The Day Everyone Was Happy
July 14 is a historic day for Iranians. The nuclear agreement between Iran and five permanent members of the United Nations Security Council, plus Germany, came to fruition and ended a 13-year-old problem. In many Iranian cities, people poured into streets happy and dancing. On the international scene, this agreement was also received very well. The heads of many countries called it a “historic” agreement which will help international peace and security.
- “Enemy…terrorism…nuclear bomb…war.” These words are often used by American media to describe Iran. The image the media presents is often hazy, incomplete, and distorted. The political and military aspects of my country are covered mainly in a negative light.
- In Under Eastern Eyes (I have adopted the name from the novel Under Western Eyes by Joseph Conrad), I will write about those topics which American media either cannot or does not want to talk about. The emphasis will be on social and cultural aspects of Iran although, out of necessity, I will talk about politics, despite my despair.
- Yaghoub Yadali, born in 1970, is a writer and television director. His first work of fiction, the short-story collection Sketches in the Garden, was published in 1997. It was followed in 2001 by Probability of Merriment and Mooning, which was named book of the year by the Writers and Critics Award. His first novel, The Rituals of Restlessness, won the 2004 Golshiri Foundation Award for the best novel of the year and was named as one of the ten best novels of the decade by the Press Critics Award. He has also published many articles and reviews of literature and cinema in newspapers and magazines in Iran.
Negotiations for this agreement took 13 years, and in the last round many diplomatic records were broken. In the last round, the U.S. Secretary of State, John Kerry, stayed in Vienna for fourteen days and talked for hours with secretaries of state from other countries. This is the longest any top American official has stayed in one place in order to negotiate a specific file. Also, the number of hours that Kerry and Javad Zarif, the Iranian Secretary of State, spent meeting and talking about the Iranian nuclear file is rare in the history of international diplomacy.
On the other hand, until two years ago, no one thought that the secretaries of state of the United States or Iran would even pass by each other! Let alone shake each other’s hands, walk together in the streets of Geneva, and sit across each other for hours. In fact, these developments came to be once Barack Obama was elected in the United States, and Hassan Rouhani in Iran.
In the past eighteen years, realistic and moderate governments had never existed in both countries simultaneously. When the reformist government of Mohammad Khatami came to power in Iran, Bill Clinton gave his seat to George Bush, who called Iran an “axis of evil,” and often, with a harsh tone, spoke of military action against Iran. Next, when Democrats came to power, the hardliner government of Mahmoud Ahmadinejad was in power. In this way, the possibility of talk and rational agreement between the two parties was not possible until Rouhani reached power in Iran. When he came to the United Nations, he spoke with President Obama via telephone. These two were the first presidents of the two countries who, after three decades of cut relationships, agreed to talk to each other. A talk that only took fifteen minutes. This fifteen minute conversation was the beginning of later developments in the relationship between the two countries and opened the ground for nuclear talks.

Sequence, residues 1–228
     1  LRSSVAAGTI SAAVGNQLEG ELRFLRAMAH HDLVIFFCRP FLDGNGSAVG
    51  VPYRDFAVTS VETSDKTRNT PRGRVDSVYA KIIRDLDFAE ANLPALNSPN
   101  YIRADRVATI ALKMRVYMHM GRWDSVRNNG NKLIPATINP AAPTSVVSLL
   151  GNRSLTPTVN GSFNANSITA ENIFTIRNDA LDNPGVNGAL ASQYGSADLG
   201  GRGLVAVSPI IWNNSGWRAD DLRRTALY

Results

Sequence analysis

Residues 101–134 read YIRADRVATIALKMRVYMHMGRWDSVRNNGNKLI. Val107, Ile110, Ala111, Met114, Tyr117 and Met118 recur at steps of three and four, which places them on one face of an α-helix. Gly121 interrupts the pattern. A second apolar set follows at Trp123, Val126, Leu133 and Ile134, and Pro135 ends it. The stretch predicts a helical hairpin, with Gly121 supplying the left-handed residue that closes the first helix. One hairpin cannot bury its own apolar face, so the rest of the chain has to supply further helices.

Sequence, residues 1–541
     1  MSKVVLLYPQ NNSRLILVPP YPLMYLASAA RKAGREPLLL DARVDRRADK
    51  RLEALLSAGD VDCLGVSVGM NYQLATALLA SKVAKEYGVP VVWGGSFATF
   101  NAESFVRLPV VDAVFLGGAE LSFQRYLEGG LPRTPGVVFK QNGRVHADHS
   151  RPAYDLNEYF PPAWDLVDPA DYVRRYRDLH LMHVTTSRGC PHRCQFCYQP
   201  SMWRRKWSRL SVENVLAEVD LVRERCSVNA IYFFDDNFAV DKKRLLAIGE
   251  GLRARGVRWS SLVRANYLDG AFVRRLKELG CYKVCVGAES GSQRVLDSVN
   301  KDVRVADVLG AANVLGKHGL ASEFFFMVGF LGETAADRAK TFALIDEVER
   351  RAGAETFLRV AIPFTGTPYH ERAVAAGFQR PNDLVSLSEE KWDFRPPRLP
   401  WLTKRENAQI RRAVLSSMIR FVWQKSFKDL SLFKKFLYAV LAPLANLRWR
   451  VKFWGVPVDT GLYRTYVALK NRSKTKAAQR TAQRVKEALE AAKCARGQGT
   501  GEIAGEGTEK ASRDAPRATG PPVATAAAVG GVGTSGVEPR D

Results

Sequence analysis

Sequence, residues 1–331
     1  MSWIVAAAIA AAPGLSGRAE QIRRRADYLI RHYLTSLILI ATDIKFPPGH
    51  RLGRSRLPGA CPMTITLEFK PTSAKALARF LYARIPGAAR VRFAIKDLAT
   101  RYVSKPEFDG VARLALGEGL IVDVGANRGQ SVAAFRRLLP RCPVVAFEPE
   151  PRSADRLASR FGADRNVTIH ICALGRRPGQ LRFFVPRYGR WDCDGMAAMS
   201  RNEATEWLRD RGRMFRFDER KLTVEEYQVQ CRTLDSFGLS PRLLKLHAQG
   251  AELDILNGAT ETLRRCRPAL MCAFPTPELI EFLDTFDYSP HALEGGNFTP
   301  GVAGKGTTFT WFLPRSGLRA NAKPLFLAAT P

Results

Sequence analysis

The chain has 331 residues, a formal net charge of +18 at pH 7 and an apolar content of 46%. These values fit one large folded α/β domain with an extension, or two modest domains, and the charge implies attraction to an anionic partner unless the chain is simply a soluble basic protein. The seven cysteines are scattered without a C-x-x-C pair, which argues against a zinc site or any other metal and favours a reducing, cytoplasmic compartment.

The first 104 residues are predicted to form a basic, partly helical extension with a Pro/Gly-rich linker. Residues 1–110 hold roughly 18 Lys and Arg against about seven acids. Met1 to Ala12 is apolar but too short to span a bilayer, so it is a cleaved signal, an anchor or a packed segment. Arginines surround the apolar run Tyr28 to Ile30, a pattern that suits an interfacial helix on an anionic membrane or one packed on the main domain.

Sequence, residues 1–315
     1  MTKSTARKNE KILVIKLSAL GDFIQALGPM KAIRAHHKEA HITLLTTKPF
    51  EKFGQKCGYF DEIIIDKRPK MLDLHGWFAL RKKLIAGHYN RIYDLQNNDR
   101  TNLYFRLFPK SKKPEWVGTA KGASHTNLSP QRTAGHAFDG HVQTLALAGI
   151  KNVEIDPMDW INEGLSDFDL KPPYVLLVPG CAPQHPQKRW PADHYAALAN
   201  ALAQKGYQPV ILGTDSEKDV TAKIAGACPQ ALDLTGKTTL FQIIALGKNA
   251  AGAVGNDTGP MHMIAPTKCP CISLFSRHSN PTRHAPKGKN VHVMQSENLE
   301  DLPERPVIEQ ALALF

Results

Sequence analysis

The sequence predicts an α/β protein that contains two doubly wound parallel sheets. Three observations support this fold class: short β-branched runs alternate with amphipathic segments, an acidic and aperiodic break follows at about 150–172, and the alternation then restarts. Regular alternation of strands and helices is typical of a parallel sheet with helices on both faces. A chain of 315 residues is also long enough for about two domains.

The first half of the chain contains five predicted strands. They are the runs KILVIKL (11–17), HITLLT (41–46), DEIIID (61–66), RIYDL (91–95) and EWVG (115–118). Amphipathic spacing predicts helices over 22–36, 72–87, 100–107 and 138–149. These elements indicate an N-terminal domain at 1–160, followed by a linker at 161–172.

Now there are hot debates in Iran about the future of the relationship between Iran and America. Will the parties be ready to talk and cooperate about their common and favorite issues, like the handling of the terrorist group ISIS or local problems such as those concerning Syria and Yemen? Many Iranians are waiting hopefully for further developments between the two countries so they could use opportunities in both countries and communicate normally like citizens of other countries. It is not a big wish that tourists, professors, writers, and artists of the two countries could travel safely to the other country and not worry about its consequences. Or that entrepreneurs in both countries could sell their products to each other, and the Iranian Secretary of State would not have to worry that if he walked in Vienna with John Kerry, he would be criticized by hardliners in Iran.
It seems like there is a long road before the many hurdles between the countries are removed. But the hopeful point is that, until two years ago, no one thought the two countries could solve one of the most important problems between them, or that the meeting of the heads of state of the two countries would not be taboo. Who knows, maybe in a few years we will read in newspaper headlines that the President of the United States had dinner in Tehran with the President of Iran.